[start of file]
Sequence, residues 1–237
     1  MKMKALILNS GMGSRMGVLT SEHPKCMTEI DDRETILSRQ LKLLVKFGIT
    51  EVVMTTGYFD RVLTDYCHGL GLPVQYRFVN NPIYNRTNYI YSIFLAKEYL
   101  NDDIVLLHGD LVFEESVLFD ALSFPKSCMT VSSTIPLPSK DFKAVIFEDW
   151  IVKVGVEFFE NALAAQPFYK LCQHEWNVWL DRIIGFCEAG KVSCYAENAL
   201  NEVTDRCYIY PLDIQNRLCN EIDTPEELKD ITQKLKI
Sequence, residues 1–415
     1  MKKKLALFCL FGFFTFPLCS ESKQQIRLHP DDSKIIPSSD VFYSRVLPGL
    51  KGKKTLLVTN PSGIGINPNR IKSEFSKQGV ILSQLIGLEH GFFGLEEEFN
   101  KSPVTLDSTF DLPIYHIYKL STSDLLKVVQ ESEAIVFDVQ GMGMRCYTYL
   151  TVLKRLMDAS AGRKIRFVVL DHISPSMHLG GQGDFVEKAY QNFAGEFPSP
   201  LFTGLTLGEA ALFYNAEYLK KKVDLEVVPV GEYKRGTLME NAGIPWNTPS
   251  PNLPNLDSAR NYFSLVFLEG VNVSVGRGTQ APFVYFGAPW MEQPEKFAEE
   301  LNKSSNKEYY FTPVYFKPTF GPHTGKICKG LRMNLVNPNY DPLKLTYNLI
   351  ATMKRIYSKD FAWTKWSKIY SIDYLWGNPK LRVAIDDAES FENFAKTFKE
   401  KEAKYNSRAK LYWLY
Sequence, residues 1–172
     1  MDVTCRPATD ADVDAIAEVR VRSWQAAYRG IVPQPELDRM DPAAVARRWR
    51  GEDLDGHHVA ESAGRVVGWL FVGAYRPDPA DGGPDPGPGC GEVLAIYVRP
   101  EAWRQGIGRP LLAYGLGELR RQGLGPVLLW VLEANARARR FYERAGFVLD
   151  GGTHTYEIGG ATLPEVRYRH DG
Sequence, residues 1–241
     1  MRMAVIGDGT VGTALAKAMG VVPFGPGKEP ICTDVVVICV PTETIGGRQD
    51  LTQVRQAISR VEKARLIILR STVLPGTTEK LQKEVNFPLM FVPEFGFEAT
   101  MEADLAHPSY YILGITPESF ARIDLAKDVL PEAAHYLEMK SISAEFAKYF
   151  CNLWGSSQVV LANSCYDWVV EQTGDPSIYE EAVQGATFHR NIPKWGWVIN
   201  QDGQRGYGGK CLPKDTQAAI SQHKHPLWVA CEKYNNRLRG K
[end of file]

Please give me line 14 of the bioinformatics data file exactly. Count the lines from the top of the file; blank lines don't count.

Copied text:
   301  LNKSSNKEYY FTPVYFKPTF GPHTGKICKG LRMNLVNPNY DPLKLTYNLI